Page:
Like healthcare, I think this is a problem too big for anyone to handle except the government. And the government in this case needs to seriously curtail the unions’ bargaining power and loosen the reins on local school boards and administrators to clean house. I appreciate that some people in here are teachers or were teachers or know teachers. I’ve dated a few myself. We would all swear up and down that our friends and/or ourselves are great at our jobs because we’re passionate about it. But something’s gone horribly wrong when “I love my students!” is the big defense against any sort of job performance measurement. If we don’t get past that, the move to school vouchers and private school will take care of the problem for us.
I agree with NWJ basically, but there are a couple of possible pro union points you could make.
Not all outcome is teacher derived. Having unions protects teachers from being fired from school districts where chronic underperformance is out of their hands. And i’m very sure, from speaking with those that have taught, there are school districts that they really can’t improve without a dramatic restructuring of how the students are taught (like incarcerate them into dorms, or remove them from their parents, or weed and kick out violent troublemakers, corporal punishment, ect, all things far, far outside the scope or ability of individual teachers.) Some schools are full of “bad” students, and that 4th period, 11th grade English teacher is very unlikely to have any significant difference in his student’s scholastic outcomes by then.
Tenure helps teachers stay put and develop relationships with their community.
There just aren’t enough good teachers to go around. It might be an unspoken assumption, but there probably aren’t enough teachers we would consider “good” to actually fill all the slots needed.
The biggest knock against tenure (esp. tenure given out so early) and unions are that they dissuade self criticism and improvement. Once a teacher has mastered her subject(s) to be taught, all there is basically after that is method and interpersonal relationships.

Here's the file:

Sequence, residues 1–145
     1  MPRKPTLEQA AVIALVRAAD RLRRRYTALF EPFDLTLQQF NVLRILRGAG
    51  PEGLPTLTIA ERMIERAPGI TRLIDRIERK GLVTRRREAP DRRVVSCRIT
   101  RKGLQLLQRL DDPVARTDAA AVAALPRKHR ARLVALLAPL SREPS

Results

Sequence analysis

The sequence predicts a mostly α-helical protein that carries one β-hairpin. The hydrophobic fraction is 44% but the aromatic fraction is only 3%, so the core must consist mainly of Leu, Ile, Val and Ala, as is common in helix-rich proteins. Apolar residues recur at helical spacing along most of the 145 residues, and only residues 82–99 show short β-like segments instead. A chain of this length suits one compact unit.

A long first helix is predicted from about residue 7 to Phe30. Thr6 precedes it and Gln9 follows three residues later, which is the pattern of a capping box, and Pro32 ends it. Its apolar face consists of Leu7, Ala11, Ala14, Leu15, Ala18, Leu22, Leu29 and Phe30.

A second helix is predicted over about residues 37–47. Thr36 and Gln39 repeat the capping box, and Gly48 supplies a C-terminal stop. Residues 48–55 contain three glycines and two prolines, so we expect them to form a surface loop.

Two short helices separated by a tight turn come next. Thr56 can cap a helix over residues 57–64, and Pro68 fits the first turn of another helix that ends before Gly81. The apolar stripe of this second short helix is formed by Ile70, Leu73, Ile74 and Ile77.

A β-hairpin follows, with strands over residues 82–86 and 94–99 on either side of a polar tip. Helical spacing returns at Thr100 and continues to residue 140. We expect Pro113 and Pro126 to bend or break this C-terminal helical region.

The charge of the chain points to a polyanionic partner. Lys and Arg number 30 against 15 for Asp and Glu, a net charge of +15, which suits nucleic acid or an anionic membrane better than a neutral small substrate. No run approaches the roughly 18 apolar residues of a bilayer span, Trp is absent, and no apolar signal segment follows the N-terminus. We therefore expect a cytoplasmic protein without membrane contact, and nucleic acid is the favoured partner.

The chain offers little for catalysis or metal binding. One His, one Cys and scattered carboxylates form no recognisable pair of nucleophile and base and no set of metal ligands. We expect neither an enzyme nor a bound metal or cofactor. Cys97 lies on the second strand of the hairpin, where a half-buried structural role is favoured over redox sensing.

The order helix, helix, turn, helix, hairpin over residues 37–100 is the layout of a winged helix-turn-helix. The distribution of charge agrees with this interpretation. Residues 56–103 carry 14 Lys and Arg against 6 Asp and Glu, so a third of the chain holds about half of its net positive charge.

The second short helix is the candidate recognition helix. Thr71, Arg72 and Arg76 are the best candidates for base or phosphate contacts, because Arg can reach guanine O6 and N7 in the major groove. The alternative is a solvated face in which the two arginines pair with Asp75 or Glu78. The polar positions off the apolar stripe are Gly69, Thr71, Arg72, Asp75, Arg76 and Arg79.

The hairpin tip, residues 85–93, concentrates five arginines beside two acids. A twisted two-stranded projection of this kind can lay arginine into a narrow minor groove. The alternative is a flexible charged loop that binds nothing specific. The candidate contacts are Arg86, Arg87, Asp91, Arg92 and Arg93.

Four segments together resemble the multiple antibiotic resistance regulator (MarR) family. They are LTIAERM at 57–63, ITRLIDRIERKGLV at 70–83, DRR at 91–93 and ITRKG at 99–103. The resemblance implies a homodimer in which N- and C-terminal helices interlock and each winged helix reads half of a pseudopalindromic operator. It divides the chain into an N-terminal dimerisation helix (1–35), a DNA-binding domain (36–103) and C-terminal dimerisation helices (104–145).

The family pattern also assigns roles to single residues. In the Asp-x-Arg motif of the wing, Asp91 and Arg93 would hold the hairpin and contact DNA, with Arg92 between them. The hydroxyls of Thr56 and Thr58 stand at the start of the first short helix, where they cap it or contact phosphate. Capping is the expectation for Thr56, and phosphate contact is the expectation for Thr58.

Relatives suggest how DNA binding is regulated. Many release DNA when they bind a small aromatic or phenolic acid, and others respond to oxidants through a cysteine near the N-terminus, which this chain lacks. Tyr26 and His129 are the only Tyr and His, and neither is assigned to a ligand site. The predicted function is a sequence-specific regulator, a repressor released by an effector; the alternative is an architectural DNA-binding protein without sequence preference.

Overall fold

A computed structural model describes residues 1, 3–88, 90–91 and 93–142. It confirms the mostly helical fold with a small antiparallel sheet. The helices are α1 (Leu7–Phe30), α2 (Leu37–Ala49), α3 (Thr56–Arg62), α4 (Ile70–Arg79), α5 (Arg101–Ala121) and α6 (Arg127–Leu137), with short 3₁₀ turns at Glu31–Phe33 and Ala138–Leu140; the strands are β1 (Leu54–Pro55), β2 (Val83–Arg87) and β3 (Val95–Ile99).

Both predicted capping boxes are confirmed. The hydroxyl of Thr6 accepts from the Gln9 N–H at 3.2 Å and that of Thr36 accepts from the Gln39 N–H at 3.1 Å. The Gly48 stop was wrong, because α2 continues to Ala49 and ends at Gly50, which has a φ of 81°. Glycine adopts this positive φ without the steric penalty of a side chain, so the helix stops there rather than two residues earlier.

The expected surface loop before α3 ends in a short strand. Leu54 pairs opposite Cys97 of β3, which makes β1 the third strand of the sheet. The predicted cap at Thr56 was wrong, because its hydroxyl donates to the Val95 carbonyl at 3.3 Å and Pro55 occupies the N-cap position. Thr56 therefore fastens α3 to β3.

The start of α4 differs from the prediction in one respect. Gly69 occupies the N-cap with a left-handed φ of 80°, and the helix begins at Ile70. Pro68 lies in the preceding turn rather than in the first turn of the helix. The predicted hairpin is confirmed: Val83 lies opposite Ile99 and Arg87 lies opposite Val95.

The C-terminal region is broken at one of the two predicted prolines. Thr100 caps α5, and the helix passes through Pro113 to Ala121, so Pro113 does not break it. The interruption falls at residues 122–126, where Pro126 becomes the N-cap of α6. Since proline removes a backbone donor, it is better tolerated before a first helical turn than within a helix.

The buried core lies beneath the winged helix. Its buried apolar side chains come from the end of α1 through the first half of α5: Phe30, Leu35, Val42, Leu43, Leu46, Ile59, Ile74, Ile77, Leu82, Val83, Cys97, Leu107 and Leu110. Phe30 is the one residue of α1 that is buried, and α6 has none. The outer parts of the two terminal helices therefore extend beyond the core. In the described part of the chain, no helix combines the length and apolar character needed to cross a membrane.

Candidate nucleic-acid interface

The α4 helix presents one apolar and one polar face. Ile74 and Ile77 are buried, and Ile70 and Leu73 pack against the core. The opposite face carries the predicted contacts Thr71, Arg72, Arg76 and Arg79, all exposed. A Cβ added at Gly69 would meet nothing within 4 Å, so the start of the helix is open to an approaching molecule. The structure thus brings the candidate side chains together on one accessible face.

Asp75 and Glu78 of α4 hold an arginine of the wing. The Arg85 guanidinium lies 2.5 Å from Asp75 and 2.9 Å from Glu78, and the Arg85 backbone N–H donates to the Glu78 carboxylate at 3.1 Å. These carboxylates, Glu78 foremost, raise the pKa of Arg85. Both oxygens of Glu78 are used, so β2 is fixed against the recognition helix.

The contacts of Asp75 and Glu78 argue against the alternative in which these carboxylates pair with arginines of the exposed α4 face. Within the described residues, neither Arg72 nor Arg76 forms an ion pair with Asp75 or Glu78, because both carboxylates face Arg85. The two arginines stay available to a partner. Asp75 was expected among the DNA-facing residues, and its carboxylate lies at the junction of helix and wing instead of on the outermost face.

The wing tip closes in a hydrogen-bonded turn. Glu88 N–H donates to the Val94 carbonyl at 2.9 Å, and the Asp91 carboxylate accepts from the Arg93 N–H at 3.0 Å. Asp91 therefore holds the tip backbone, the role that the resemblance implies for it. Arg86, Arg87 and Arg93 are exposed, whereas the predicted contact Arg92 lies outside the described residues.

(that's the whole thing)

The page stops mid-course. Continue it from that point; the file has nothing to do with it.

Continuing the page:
There is so much emphasis on mandatory testing today that teachers are driven by local school boards and their often flippant textbook choices and their states to perform to the state test. The scope for individual creativity and success in teaching is probably smaller than you might think under the constrained circumstances in which most teachers teach. A 98% approval rating is probably not accurate per se, but probably better reflects that 98% of teachers have taught what their administrations have mandated.
I’ve consistently maintained that the Teacher’s Federation (that’s what it is called down here) should be setting its own standards for membership and getting rid of the duds from the union, hence making the Department’s job easier to remove them. It’ll never happen for a variety of reasons.
The prime reason is that noone else looks out for teachers. Everyone gives lip service about how important teaching is etc but noone wants to improve teacher’s conditions or salaries when the money can be spent on the kids. All societal ills are expected to be saved in the classroom. Any expectation of due process is removed as soon as an incident with a student occurs.
You wonder why the union deals with any innovation as a threat to their member’s conditions? It’s because it always is. When did teachers become saints? Why should they be consistently expected to embrace reforms that will increase their workload and stress levels without commensurate compensation? Hell, I’d be happy being paid baby-sitter’s wages per child for each hour- and I’ll do more than just keep an ear out for any crying. I’ll even do it half price- $5 an hour. For an average class of 25, I’d be happy to take in $125 an hour.
Everyone has been through school, and armed with their teenage memories presume that they are experts on what needs to be fixed. I don’t think that staking someone’s career on test results is going to get anything else but schools teaching toward tests and gaming the results. Coming up with a good and fair test is the hard part.
edit- this probably came out as a rant more than I intended.
Speaking personally, most teachers know who is under-performing and would be happy to axe the worst. The problem comes when dealing with shades of grey, and also most teachers fear the thin end of the wedge. Noone is perfect when teaching- I have worked with truly great classroom practitioners who would be in trouble for their administrative inabilities and likewise found people with unimpeachable programs/registrations/reports etc who don’t achieve much with the students. Someone who excels in all fields is a rarity.
Gah, I could probably talk much more about incompetent teachers and testing if I wasn’t using my real name. I’m shutting up now.
Shit like this is a sign of an extremely dysfunctional employer/employee relationship on both sides.